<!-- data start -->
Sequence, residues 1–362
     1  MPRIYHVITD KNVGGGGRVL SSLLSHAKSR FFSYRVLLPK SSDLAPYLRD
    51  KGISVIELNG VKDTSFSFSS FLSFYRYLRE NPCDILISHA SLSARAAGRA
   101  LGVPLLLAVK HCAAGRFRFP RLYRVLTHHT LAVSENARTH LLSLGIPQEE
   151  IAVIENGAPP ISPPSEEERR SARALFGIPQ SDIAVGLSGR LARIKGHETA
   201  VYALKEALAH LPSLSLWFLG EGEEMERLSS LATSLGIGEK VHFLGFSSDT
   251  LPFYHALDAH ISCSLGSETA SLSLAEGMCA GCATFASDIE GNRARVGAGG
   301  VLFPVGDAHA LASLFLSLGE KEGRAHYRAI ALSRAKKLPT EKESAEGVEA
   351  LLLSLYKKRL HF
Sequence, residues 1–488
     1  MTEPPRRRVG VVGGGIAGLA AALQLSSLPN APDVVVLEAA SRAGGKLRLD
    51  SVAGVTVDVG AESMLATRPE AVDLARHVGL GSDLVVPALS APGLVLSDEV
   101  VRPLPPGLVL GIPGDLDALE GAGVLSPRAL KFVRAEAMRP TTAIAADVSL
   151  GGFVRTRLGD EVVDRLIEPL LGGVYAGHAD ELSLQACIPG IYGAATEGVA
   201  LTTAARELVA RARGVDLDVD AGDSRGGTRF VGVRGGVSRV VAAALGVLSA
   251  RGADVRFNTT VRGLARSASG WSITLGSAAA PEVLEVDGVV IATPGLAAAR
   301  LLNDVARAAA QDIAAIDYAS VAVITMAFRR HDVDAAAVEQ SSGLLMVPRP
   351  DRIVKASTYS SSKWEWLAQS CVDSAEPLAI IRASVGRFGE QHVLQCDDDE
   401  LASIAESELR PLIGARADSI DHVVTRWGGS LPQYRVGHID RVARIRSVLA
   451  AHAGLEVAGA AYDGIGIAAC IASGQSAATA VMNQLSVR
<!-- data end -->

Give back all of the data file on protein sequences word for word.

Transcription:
Sequence, residues 1–362
     1  MPRIYHVITD KNVGGGGRVL SSLLSHAKSR FFSYRVLLPK SSDLAPYLRD
    51  KGISVIELNG VKDTSFSFSS FLSFYRYLRE NPCDILISHA SLSARAAGRA
   101  LGVPLLLAVK HCAAGRFRFP RLYRVLTHHT LAVSENARTH LLSLGIPQEE
   151  IAVIENGAPP ISPPSEEERR SARALFGIPQ SDIAVGLSGR LARIKGHETA
   201  VYALKEALAH LPSLSLWFLG EGEEMERLSS LATSLGIGEK VHFLGFSSDT
   251  LPFYHALDAH ISCSLGSETA SLSLAEGMCA GCATFASDIE GNRARVGAGG
   301  VLFPVGDAHA LASLFLSLGE KEGRAHYRAI ALSRAKKLPT EKESAEGVEA
   351  LLLSLYKKRL HF
Sequence, residues 1–488
     1  MTEPPRRRVG VVGGGIAGLA AALQLSSLPN APDVVVLEAA SRAGGKLRLD
    51  SVAGVTVDVG AESMLATRPE AVDLARHVGL GSDLVVPALS APGLVLSDEV
   101  VRPLPPGLVL GIPGDLDALE GAGVLSPRAL KFVRAEAMRP TTAIAADVSL
   151  GGFVRTRLGD EVVDRLIEPL LGGVYAGHAD ELSLQACIPG IYGAATEGVA
   201  LTTAARELVA RARGVDLDVD AGDSRGGTRF VGVRGGVSRV VAAALGVLSA
   251  RGADVRFNTT VRGLARSASG WSITLGSAAA PEVLEVDGVV IATPGLAAAR
   301  LLNDVARAAA QDIAAIDYAS VAVITMAFRR HDVDAAAVEQ SSGLLMVPRP
   351  DRIVKASTYS SSKWEWLAQS CVDSAEPLAI IRASVGRFGE QHVLQCDDDE
   401  LASIAESELR PLIGARADSI DHVVTRWGGS LPQYRVGHID RVARIRSVLA
   451  AHAGLEVAGA AYDGIGIAAC IASGQSAATA VMNQLSVR